Mirror, Mirror on the Wall

If you’ve ever unexpectedly come face-to-face with a mirror, you know how uncomfortable that can be. This is true physically. You might realize that you did need to run a brush through your hair and dab on some lipstick. But it is also true emotionally. 

Maybe you considered yourself  witty, but  when someone else’s sarcasm startles you, you recognize that you were actually being cruel. Perhaps you dismissed your relaxed attitude as “being chilled” but when you don’t get the paperwork you desperately need by a certain time, you realize that you were, in reality, irresponsible. 

I faced a mirror last evening. I was listening to a podcast that I favor. The host tends to introduce topics that interest me and he usually has two or three guests experts. While I’ve heard a number of his podcasts, this time I recognized a pattern. This particular host expects his guests to validate his views. When they disagree with him or challenge some of his beliefs, he talks over them, puts words in their mouths, and ignores inconvenient facts they raise. I don’t remember ever hearing him end a show with a different frame of mind than he started it. 

Mirror, mirror on the wall? I, too, hold strong opinions. I try to form them based on listening to many sides of an issue, but I don’t easily change my mind once I have come to a conclusion. I struggle to  focus single mindedly on hearing someone articulate a different view without planning my rebuttal as they speak. I imagine that I, too, latch on to the easily dismissed part of an opposing argument while paying less heed to a more firmly rooted objection.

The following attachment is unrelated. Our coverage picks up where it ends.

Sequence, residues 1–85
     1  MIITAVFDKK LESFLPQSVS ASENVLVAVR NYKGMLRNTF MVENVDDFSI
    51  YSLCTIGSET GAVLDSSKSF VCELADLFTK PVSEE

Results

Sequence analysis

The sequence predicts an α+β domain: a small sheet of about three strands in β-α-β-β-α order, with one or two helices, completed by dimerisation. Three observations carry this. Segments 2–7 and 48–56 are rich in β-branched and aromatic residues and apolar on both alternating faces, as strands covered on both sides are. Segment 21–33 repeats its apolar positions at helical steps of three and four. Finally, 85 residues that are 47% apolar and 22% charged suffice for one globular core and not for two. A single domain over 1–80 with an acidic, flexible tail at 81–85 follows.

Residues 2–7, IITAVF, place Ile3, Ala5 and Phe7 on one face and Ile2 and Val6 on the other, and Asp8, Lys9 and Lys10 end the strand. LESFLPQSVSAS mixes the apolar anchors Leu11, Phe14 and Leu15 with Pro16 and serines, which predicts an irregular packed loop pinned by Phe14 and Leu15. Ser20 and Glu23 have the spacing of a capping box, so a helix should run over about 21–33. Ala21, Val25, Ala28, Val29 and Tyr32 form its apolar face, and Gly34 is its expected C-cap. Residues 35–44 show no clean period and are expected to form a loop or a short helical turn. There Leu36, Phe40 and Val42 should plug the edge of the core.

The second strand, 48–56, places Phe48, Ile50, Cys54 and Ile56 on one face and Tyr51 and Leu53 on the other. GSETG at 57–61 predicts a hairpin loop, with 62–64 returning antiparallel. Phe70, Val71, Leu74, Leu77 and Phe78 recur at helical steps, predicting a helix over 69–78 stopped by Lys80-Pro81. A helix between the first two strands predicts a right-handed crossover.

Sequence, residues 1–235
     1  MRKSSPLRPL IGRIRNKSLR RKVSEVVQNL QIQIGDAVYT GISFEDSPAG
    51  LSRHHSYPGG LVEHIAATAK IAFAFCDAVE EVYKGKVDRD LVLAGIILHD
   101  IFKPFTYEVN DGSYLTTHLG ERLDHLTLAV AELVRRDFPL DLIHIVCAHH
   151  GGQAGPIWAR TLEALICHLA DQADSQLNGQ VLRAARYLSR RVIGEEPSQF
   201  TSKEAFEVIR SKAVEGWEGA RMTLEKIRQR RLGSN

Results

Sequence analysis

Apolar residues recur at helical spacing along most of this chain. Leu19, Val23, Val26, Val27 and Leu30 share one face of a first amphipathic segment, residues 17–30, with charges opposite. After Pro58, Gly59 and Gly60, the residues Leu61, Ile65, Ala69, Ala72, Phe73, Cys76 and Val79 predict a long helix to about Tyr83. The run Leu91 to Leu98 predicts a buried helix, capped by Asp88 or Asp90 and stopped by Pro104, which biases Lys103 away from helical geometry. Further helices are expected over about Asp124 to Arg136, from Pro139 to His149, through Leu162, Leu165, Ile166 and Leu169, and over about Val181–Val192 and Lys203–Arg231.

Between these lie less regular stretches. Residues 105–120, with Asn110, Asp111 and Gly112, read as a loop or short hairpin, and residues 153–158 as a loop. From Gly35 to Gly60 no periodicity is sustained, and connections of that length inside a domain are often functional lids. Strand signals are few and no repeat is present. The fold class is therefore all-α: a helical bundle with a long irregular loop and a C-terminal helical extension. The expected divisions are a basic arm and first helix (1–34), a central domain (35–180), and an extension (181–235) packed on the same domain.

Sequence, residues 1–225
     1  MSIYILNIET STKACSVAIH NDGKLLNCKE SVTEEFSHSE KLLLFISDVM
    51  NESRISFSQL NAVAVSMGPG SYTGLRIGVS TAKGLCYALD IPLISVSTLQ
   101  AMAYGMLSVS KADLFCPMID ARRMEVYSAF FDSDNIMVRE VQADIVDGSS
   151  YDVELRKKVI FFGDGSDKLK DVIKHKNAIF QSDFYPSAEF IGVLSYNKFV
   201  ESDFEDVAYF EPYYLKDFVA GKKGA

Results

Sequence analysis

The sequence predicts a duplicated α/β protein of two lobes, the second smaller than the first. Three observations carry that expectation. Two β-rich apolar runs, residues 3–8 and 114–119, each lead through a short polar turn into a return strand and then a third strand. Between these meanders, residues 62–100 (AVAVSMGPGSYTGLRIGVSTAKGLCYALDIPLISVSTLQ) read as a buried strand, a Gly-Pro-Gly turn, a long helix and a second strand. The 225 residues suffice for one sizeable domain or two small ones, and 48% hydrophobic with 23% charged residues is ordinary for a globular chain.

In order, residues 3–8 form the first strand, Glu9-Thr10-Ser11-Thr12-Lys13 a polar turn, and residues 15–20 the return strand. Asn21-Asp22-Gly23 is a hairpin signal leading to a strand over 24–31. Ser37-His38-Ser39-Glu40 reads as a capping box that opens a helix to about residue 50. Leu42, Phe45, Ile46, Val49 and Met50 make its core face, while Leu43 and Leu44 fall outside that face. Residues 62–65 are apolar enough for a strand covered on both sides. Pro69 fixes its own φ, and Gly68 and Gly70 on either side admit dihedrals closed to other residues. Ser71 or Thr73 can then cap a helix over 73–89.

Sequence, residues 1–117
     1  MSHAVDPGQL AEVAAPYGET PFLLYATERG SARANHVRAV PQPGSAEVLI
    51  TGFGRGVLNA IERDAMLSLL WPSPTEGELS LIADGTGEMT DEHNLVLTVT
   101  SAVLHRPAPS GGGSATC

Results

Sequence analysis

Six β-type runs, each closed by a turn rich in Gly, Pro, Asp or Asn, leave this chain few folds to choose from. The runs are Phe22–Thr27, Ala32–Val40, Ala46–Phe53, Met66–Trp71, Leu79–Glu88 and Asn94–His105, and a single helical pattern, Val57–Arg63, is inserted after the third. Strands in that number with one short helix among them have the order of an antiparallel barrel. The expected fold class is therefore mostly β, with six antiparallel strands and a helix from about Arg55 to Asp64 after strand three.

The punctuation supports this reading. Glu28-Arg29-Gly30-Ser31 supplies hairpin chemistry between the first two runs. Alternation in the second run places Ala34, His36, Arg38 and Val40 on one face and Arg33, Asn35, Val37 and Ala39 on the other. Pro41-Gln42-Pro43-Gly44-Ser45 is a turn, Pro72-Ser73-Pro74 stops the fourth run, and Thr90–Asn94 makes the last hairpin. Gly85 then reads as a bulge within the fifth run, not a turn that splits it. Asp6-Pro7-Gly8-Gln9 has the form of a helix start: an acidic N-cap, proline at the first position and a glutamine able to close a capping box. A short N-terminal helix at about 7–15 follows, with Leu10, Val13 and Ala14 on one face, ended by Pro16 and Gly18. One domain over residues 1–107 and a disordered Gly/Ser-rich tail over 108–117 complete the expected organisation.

Mirrors sometimes show us that our self-image is not identical to reality. In a murky world, mirrors can be valuable indeed. 

Did you know that the Hebrew word for prayer reflects
how it serves us as a mirror?

Explore 29 Hebrew words and become familiar
with the Hebrew alphabet.
Both books on sale this week.

22 thoughts on “Mirror, Mirror on the Wall”

  1. In today’s divisive environment, we could all use more mirrors and avoid breaking them, as well…

  2. Covid 19 has given me months of being alone and freedom for self-reflection. I agree with your statements, but, for me it goes further. It started out feeling like one mirror…. but y now it feels as if I am in a jungle of mirrors. LOL… I wouldn’t know what is a true reflection if I saw it right now. 😉

    1. Les, it is hard to have only one’s own thoughts. COYVID has taken a toll on just chatting with friends.

  3. lol. Reminds me of someone else I know??? Hmmmm? who could that be? Mirrors are very eye opening things. I have wanted to break a few recently. lol

  4. I tend to take so long to make up my mind about anything that when I finally do, I hold on to my conclusion pretty fiercely. I invest so much time and energy that it’s difficult to let go. Perhaps I don’t want to start the process over again, knowing what it will cost. Podcasts are a handy way to be exposed to different points of view and, without the pressure to form an immediate conclusion, really think about them for awhile. What you say is true for me as well; in personal conversation I want to get my point of view out there too, since I have potentially been thinking about the topic for months and have my arguments on standby.

    1. Kristyn, I love the long format of Joe Rogan’s podcast because he really allows people to talk. I just can’t listen because he rarely forms a sentence without cursing. ( Actually, I haven’t listened in months. Maybe he’s changed?)